Join me and meet the incredibly likable Howard Jerome who is a walking encyclopedia of Improvisation history. Howard calls himself an actor, voice guy, and a seminar and workshop leader as well as an MC, work he has been doing for decades with great gusto. Howard’s amazing understanding and dedication to improvisation have led to 111 film and acting credits. He has worked with some of the world’s most creative and innovative minds, including Dr. Jean Houston, a principal founder of the Human Potential Movement, and the great spiritual leader Ram Dass. Howard worked with David Shepherd in the early 70s on projects including Community Makers, Responsive Scene Radio Show, Improv Olympics to name a few.
Howard and David did groundbreaking work with at-risk populations including prisoners and teenagers. In Canada, Howard and late Willie Wyllie created the Canadian Improv Games (CIG), which is essentially the teenage version of the Improv Olympics. CIG began in Ottawa with seven high schools and is now a nation-wide program involving 300 high schools and over 3,000 students and celebrating its 42nd anniversary. The last format Howard worked on with David was “The Big Adios” about embracing death Howard is a well-known and respected actor in Canada, and many of his projects played a significant role in Canadian culture. Four years ago he played the grandfather in the play Duddy Kravitz, The Musical and was Uncle Irv in the film Barney’s Version with Paul Giamatti and Minnie Driver.
Beth Boynton is an organizational development consultant and Medical Improv Practitioner specializing in communication, collaboration, and culture. She’s written three books on communication in healthcare including the industry-first; Medical Improv: A New Way to Improve Communication. (CreateSpace 2017). She is currently working on a Teach Medical Improv ebook series designed to help healthcare professionals faciiltate fundamental activities in their facilities in an affordable, effective, and time-efficient way. email@example.com.
What a pleasure to catch up with Kelly Leonard, longtime Creative Executive at The Second City in Chicago who speaks with us about the power of improvisation to transform people’s lives . His book, “Yes, And: Lessons from The Second City” was released to critical acclaim in 2015 by HarperCollins and was praised by Michael Lewis in Vanity Fair who called it “…an excellent guide to the lessons that have bubbled up in Second City’s improv workshops.”
Sandra Bruce is the Founder and Executive Director of Autism Improvised, Inc., a nonprofit serving the autism community through the principles of improvisational theater. She was inspired by her grandson, who was diagnosed ASD at age 2, to find a creative, fun way to address the social challenges of autism. Because her grandson had a love for film and theatre, she suspected this area would benefit her grandson. Not coming from a theater background, she did her research, discovered improvisational acting, and was excited to discover how improv seemed to be a perfect modality to address the social challenges and rigid thought patterns of autism.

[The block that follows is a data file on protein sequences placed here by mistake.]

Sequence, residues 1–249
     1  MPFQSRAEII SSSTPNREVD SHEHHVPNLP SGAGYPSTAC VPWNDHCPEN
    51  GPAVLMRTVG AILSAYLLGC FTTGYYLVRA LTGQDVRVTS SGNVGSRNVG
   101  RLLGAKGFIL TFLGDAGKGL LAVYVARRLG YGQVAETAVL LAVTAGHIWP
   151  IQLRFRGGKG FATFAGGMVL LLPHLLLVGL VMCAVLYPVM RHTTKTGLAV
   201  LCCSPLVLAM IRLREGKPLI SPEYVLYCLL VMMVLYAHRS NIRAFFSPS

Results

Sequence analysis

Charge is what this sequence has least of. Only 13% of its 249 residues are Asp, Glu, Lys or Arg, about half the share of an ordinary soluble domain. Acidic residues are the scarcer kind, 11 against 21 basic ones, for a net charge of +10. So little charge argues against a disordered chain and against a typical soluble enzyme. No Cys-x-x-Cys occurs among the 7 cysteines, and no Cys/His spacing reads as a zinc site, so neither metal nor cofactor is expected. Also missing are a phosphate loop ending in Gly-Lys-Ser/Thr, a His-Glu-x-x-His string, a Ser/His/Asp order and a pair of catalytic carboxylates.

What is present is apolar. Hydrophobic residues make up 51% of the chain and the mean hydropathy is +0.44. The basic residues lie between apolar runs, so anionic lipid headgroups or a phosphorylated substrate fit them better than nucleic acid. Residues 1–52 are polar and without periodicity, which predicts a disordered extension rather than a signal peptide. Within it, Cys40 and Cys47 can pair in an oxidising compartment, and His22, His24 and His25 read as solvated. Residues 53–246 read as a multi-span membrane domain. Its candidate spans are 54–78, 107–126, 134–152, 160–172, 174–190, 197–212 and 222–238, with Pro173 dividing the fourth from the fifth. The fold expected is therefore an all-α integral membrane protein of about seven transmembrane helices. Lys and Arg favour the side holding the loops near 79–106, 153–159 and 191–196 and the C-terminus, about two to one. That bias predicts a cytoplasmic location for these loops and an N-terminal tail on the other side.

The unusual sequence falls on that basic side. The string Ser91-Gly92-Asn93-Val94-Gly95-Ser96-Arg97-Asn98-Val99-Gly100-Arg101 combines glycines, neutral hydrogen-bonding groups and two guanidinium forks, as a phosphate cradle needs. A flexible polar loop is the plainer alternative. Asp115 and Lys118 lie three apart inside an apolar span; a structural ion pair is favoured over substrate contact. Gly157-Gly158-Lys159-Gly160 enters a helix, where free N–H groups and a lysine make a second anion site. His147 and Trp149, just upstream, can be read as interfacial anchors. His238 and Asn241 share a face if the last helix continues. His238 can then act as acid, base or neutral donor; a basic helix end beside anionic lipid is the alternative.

Meet the fabulous Wendy Rush, improviser, popular radio DJ and mom along with the delightful Tom McCourt. Together they have developed a program for the Las Vegas Juvenile Offender Court to use improvisational theatre skills to help these teens and their families.
Meet the hilarious Lenny Ravich and learn about his incredible journey over the past 8 decades where he proves laughter is the best medicine. Lenny is an expert on the subject of humor and laughter through improv. Lenny facilitates workshops and presentations on the subjects of “Upgrading Your Humor Quotient as a Work Ethic,” and “Optimism For Self Esteem and Peak Performance,” throughout the world. He is the author of the best selling book, “A Funny Thing Happened On The Way To Enlightenment.” Continue reading “Lenny Ravich – Laughter is the Best Medicine!”
Michael Golding has been improvising for over 40 years. Michael is a writer, director and improv teacher who studied with the “father of Improv” David Shepherd and pioneered many innovative improv programs. Michael participated in the evolution of the Improv Olympics & Canadian Improv Games and is the Artistic Director of the Comic Strip Improv Group in N.Y. & created the Insight Theatre Company for Planned Parenthood, Ottawa. In addition to being a performer and coach, Michael is an accomplished writer and his book Listen Harder is a wonderful collection of essays on his journey in improv and working with at-risk youth in various settings.
Meet Ted DesMaisons, a beloved improv and mindfulness teacher who is internationally recognized for his work. His students describe him as someone who “teaches with clarity, creativity, and effective ritual”. After completing graduate his MBA at Stanford Business he attended Harvard Divinity School. Ted has studied and performed improvisation across North America, including with Patricia Ryan Madsen at Stanford, BATS Improv in San Francisco and Loose Moose Theater in Calgary, Alberta. All that experience supports a simple truth: Ted’s passion for teaching and learning leads him to share that passion with others like you.
Continue reading “Ted DesMaisons – Mindful Improv”
You don’t have to want to be a performer on stage to learn improv games! We can play them just for the fun of it. There is growing research on the therapeutic benefits of Improvisational Theatre Games for people with PD. The Neurology Department of Northwestern University has partnered with Second City since 2015 researching the benefits of teaching improv to people with PD and their caregivers. Their research showed that improvisational theatre games help to cultivate focus, improve communication, and promote well- being. Continue reading “Play Isn’t Just for Kids-Improv for people with Parkinson’s Disease”